My two favourites in this current season would have to be Revenant and Shadow Detective S2. I’ve come to realise that I should go back to a formula that worked so well in the past — stick with genre-based shows that go under most people’s radar. Fortunately I like my thrillers although I can watch pretty much anything that’s got a decent script. But even a decent script seems to be a hard ask these days. Moreover, what’s more elusive is good plotting. Apparently from the comments that I see online, it’s clear that I’m less forgiving of bad plotting than most. My opinion is that if you are asking people to invest hard earned coin and time to watch your offerings, you should make the effort with the plot at the very least. To me good ideas aren’t enough. Neither is a good premise. Nor attractive actors. Surely execution has to matter? What I see in Revenant and Shadow Detective are two shows that are meticulous about plotting. I wouldn’t say that they’re both perfect but the juggling act is good. And compared to a lot of stuff out there, it might even be said to be masterful.
Lately I’ve been rewatching Signal which is arguably the most acclaimed of Kim Eun-hee’s screenplays. I had recommended it to a friend who is a fan of Frequency and then embarked on my fourth watch. I was struck again by how intricate the plotting was but also how much the characters actually drive the plot for what is a rather complex storyline. Revenant, on the other hand, is a less convoluted piece of plotting but definitely character driven. At Episode 9, the disparate pieces are finally coming together. It isn’t your usual police procedural because the bulk of the detective work is done by a couple of civilians who have been dragged into the fray unceremoniously. I think it’s the geek in me — I am ecstatic at seeing the inside of a library or an archive where the leads are poring over fraying documents that have yellowed over time. Or old dusty monographs containing black and white photos of another era. To me the entire supernatural angle is the least interesting aspect of this. Ghost X, Y or Z could be the perpetrator for all I care but it’s the human element that has my attention. Behind the angry spirit/s are vile human beings. Of course. We’ve already met some of them. We’ve also become acquainted with the depths of depravity they’ve sunk to in order to live in the lap of luxury or relative comfort.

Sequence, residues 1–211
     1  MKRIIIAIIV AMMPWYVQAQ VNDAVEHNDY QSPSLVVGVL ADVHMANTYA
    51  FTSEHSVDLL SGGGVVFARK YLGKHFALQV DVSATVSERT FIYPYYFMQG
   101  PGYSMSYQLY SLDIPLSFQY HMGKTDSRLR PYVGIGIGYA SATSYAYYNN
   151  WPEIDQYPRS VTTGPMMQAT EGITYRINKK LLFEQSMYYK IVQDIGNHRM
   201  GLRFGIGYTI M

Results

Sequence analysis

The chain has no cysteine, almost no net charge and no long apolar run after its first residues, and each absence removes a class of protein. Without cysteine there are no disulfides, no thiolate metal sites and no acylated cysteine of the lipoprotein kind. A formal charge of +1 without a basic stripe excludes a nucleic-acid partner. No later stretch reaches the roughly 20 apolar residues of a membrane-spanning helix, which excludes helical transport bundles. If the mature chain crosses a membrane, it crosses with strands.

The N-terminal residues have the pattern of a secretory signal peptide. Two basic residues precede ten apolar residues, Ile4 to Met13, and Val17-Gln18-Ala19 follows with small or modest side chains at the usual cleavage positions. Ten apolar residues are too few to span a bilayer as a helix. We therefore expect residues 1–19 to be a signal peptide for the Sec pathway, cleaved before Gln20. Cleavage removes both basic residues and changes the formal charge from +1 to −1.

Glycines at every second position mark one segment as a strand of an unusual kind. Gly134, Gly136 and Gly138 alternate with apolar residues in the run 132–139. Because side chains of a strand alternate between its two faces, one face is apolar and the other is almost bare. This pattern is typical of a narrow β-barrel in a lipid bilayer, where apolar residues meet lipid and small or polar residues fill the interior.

There are a variety of ways to think about Revenant. One as a cautionary tale about the consequences of unbridled greed for the community. An insatiable greed that leads to all kinds of tragedy. Or a parable about the sins of one generation having consequences for subsequent ones. Or just an intriguing murder mystery involving seemingly intractable supernatural elements. It’s certainly good vs. evil and yet there’s more to it than that.
Just started on Miraculous Brothers and so far so good. I’m thinking sci-fi and superhero at this point. Viki needs to make haste with their subs. The other mob translates “God is Dead” as “The Almighty is Dead” which doesn’t have the same ring to it especially when it’s supposed to be an overt reference to Nietzsche.